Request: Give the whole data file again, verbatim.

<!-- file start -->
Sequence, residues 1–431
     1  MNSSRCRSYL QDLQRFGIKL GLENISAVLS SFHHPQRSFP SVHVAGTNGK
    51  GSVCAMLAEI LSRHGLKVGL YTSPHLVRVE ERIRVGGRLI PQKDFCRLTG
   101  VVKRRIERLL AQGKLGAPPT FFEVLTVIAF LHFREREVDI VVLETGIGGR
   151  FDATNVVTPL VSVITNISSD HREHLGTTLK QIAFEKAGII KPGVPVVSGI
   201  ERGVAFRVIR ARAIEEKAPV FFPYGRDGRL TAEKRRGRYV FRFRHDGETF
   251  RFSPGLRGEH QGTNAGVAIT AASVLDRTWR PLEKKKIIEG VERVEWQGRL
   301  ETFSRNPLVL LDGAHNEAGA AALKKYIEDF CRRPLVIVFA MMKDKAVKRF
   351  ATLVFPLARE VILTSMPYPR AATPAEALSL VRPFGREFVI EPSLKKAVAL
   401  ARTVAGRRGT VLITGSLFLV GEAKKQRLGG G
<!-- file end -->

Sequence, residues 1–431
     1  MNSSRCRSYL QDLQRFGIKL GLENISAVLS SFHHPQRSFP SVHVAGTNGK
    51  GSVCAMLAEI LSRHGLKVGL YTSPHLVRVE ERIRVGGRLI PQKDFCRLTG
   101  VVKRRIERLL AQGKLGAPPT FFEVLTVIAF LHFREREVDI VVLETGIGGR
   151  FDATNVVTPL VSVITNISSD HREHLGTTLK QIAFEKAGII KPGVPVVSGI
   201  ERGVAFRVIR ARAIEEKAPV FFPYGRDGRL TAEKRRGRYV FRFRHDGETF
   251  RFSPGLRGEH QGTNAGVAIT AASVLDRTWR PLEKKKIIEG VERVEWQGRL
   301  ETFSRNPLVL LDGAHNEAGA AALKKYIEDF CRRPLVIVFA MMKDKAVKRF
   351  ATLVFPLARE VILTSMPYPR AATPAEALSL VRPFGREFVI EPSLKKAVAL
   401  ARTVAGRRGT VLITGSLFLV GEAKKQRLGG G